Where else do the Moabites appear? Well as the children of Israel traveled to Moab, the king of Moab was frightened of their large numbers.  He sought to have a curse put upon them Numbers 22:7.

God had cautioned the Israelites not to mess with either the Moabites (Deut: 2: 8-9) or the Ammonites as their land was to go to the descendants of Lot.

And then we come to Deut 23:4-7 
which instructs us that the Moabites and Ammonites cannot be admitted to the congregation of the Lord.  And why is this?  They weren't good hosts.  They failed to offer the Israelites food and drink when they traversed their land.  Even though the Israelites had plenty of manna, the test is not want, but hosting generously. In addition they went so far as to curse them which turned into a bit of a boomerang with God turning it into a blessing instead.  The punishment is quite harsh with ten generations suffering under this restriction.  And then lo and behold, along comes Ruth, a Moabite.  Not only is she a Moabite, but she ultimately becomes the great-grandmother of David. How does this come to pass after the Moabites are persona non-grata?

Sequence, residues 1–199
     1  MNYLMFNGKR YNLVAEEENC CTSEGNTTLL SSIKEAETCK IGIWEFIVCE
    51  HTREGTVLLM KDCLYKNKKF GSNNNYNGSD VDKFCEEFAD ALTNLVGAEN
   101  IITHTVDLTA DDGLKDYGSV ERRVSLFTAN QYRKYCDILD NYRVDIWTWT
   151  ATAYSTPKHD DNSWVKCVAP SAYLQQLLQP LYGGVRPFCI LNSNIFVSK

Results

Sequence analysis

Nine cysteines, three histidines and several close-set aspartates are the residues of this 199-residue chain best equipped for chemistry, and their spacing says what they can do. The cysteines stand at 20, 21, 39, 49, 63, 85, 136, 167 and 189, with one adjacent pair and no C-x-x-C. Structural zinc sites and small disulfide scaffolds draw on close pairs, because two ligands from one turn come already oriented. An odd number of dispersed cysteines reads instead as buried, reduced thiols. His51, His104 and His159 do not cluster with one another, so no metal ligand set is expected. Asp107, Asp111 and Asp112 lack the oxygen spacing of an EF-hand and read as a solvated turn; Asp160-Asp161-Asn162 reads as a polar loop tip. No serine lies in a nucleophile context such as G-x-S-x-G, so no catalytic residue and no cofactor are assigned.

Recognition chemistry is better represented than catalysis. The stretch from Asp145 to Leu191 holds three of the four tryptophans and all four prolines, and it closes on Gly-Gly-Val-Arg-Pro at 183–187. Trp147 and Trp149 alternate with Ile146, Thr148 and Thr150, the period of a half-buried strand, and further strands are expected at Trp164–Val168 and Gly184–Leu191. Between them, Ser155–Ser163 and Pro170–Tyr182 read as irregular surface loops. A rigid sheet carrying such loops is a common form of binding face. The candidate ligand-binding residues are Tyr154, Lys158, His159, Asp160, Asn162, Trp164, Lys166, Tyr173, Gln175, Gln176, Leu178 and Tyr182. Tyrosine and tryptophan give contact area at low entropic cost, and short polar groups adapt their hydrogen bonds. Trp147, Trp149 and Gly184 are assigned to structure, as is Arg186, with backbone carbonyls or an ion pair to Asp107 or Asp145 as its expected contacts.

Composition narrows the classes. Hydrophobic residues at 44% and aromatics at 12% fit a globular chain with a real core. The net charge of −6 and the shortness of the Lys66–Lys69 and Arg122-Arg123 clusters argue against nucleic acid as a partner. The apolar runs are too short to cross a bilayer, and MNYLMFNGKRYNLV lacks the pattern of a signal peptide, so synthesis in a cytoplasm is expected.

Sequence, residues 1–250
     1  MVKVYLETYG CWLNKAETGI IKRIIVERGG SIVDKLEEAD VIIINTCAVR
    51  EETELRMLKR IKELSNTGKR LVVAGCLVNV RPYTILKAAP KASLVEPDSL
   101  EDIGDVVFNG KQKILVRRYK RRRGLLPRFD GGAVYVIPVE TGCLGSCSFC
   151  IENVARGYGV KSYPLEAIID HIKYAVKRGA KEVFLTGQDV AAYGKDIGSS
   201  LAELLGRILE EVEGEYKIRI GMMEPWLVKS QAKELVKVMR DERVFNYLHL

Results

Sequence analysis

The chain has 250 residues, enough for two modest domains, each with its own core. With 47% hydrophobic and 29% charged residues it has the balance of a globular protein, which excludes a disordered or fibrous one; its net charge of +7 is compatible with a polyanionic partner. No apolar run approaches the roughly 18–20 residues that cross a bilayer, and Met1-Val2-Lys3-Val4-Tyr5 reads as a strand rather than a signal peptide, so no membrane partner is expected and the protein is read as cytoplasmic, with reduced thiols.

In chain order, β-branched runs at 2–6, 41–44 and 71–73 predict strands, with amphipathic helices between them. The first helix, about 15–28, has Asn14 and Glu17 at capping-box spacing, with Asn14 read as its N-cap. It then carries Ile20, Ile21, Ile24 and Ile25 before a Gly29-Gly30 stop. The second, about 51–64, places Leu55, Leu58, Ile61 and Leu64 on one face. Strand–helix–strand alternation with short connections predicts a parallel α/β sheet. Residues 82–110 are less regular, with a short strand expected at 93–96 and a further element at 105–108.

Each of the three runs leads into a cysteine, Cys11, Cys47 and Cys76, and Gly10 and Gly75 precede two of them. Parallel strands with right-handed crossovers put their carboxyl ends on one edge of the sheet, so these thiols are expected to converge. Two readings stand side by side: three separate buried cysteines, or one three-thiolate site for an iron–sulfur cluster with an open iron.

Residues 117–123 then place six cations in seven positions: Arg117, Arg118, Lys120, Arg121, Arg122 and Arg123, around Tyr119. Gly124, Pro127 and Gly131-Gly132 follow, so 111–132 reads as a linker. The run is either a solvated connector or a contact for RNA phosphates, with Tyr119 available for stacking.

Rashi notes while a Moabite and Ammonite are banned, it says nothing of a Moabitess or an Ammonitess.  A more contemporary view is proposed by Lesleigh Stahlberg (Ruth2 handout) in which he considers this story as supporting the embrace of same-sex marriage over strict law abidance. The marriage of Ruth and Boaz, celebrated by the community and God, may mean that this is a biblical precedent for  "communal transgression of a law in the name of love."

The upshot of this discussion is that not all rules are written in stone, despite those two tablets that were. When they are and when they aren't was not always apparent.

Kathe Kollwitz - Woman With Dead Child 1903 (PD-Art-70)